A sunny, late winter morning in Brighton and a scene that has become chillingly familiar here is playing out in a coffee shop in the High Street mall.
A group of men in their 20s and 30s, some wearing designer clothes — Armani is a particular favourite — are huddled around a table in deep discussion in their native language.
They laugh and joke as they brazenly count the wads of banknotes in front of them, oblivious to other customers and clearly delighted with the profits from their ‘business activities’.
Known locally as ‘the Albos’, these men are the drug dealers at the bottom of the chain in organised crime groups that supply cocaine 24/7 to customers in the city of Brighton and Hove and beyond. Occasionally, the dealers may be joined by the ‘assistant managers’ who oversee illegal drug operations in the East Sussex resort. But the UK-based Albanian crime lords behind this highly lucrative enterprise are careful never to set foot in the city or consort with their operatives.
And as for the real masterminds, Albanians such as Dritan Rexhepi known as the ‘King of Cocaine’, they are many thousands of miles away in Ecuador, where they are engaged in a bloody battle with rival mobsters to secure a monopoly on the supply of cocaine to Western Europe.
Known locally as ‘the Albos’, these men are the drug dealers at the bottom of the chain in organised crime groups that supply cocaine to the city of Brighton and Hove and beyond
Our investigation lays bare how mafia from tiny Balkan country has seized control of transatlantic smuggling routes to flood cities like Brighton
For this special Daily Mail investigation and accompanying documentary, Albanian Narcos: Bullets, Bloodshed & Britain on Mail+ and MailOnline, the photographer Jamie Wiseman and I travelled to the South American country to investigate how the so-called Balkan Mafia has established itself there as a major supplier of cocaine to the UK.
Such is their success that, according to the National Crime Agency (NCA), our version of the FBI, Albanian organised crime now controls the cocaine market across all the main city and suburban areas of Britain (with the exception of Merseyside, where notorious home-grown gangs are seemingly making a last stand against the Albanian narcos).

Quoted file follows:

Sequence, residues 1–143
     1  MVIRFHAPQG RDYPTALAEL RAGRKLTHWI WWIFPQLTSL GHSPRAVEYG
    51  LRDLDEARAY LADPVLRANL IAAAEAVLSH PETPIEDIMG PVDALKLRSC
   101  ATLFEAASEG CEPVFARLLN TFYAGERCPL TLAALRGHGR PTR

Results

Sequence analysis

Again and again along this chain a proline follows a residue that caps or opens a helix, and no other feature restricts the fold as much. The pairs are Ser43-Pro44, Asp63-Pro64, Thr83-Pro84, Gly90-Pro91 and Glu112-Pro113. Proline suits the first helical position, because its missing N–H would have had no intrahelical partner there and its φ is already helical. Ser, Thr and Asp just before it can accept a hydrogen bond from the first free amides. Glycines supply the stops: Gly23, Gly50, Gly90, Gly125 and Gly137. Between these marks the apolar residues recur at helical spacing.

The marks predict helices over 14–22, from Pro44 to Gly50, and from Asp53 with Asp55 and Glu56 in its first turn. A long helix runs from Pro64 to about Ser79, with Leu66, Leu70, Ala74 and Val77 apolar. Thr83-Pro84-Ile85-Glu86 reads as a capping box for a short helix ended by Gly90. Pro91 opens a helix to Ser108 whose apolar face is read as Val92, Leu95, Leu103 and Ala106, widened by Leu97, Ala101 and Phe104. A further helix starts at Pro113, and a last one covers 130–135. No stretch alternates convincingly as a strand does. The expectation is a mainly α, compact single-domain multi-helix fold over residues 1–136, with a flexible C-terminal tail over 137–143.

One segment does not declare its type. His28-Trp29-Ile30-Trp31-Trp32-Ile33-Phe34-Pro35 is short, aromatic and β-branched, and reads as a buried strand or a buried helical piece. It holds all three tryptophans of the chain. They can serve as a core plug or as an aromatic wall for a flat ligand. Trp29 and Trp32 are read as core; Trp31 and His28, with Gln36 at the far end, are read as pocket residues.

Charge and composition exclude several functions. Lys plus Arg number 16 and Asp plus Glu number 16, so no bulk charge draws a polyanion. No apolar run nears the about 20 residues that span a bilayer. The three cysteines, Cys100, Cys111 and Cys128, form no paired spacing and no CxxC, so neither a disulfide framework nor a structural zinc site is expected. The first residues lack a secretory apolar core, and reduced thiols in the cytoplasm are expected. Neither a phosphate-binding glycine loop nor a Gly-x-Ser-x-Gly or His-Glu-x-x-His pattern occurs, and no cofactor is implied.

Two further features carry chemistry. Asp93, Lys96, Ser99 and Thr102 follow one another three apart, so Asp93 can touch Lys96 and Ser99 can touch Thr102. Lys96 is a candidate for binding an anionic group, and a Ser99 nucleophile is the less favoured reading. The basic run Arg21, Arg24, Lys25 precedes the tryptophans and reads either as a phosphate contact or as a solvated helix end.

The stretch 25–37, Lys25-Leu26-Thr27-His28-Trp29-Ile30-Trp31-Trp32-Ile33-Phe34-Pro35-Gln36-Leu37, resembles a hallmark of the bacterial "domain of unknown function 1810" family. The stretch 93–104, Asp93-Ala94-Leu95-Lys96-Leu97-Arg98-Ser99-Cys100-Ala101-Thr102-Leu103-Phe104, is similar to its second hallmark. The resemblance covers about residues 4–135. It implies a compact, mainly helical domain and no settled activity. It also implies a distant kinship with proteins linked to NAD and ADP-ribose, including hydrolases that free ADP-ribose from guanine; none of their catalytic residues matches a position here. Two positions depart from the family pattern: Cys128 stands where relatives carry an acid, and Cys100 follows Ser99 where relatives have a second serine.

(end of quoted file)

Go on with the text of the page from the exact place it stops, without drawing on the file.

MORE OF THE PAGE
And the demand for their illegal product is certainly growing. The powder cocaine market here is worth a staggering £2 billion, with the number of regular users in England and Wales hovering at just under a million (976,000), which is likely to be an underestimate.
Cocaine-related deaths have risen seven-fold in a decade and in 2021 stood at a record 840. That does not take into account the tens of thousands who suffer physical and mental health problems associated with the drug and the resulting impact on the NHS.
In the course of this investigation, we interviewed police chiefs, judiciary and ministry officials, and senior military figures in Ecuador. During an anti-narcotics operation overseen by the Ecuadorian navy following a tip off from U.S. intelligence, we witnessed the arrest of two fishermen attempting to smuggle $20 million (£17 million) worth of cocaine off the coast.
And, in a momentous encounter, we came face to face with a local gangster with first-hand knowledge of Albanian operations in the sprawling Ecuadorian port city of Guayaquil — nicknamed ‘Guayakill’ because of the high numbers of drug-related homicides.
It is from here that much of the UK’s supply of cocaine is channelled via ports such as Antwerp and Rotterdam. But first to Brighton, where in the shadow of the elegant Regency terraces lining the seafront and the grandiose Pavilion, a growing number of middle-class consumers aged between their mid-20s and early 40s source their drug of choice with breathtaking ease.
It has become a key end point to the so-called ‘cocaine superhighway’ from South America to European shores.
The annual UK Drug and Alcohol Use survey, published in August 2021, carried out by the private residential rehabilitation provider Delamere, found that the city was a ‘cocaine hotspot’.
Based on interviews with 2,000 people, their experts estimated that one in five people in Brighton and Hove had taken cocaine; one in ten regularly used MDMA (ecstasy); and one in 14 had experimented with ketamine.
One Brighton resident, an amiable man in his 30s — let’s call him Oliver because he fears retribution for speaking out — told me the Balkan suppliers of cocaine here run a military-style operation.
‘I would say you can get cocaine delivered in Brighton quicker than getting a pizza on Deliveroo,’ he laughs. Oliver insists he has foresworn the drug, but used it for long enough to get a sense of how things operate.
‘I’d ring my Albanian, give a postcode and it would be with me in five minutes. Dropped to my front door. The Albanians don’t have to advertise. They don’t change their numbers . . . they simply build up customers. If you go into any pub in Brighton and ask someone where they get their gear, they will say ‘‘the Albos’’.’
For this special Daily Mail investigation, the photographer Jamie Wiseman and I (pictured) investigated how the so-called Balkan Mafia has established itself there as a major supplier of cocaine to the UK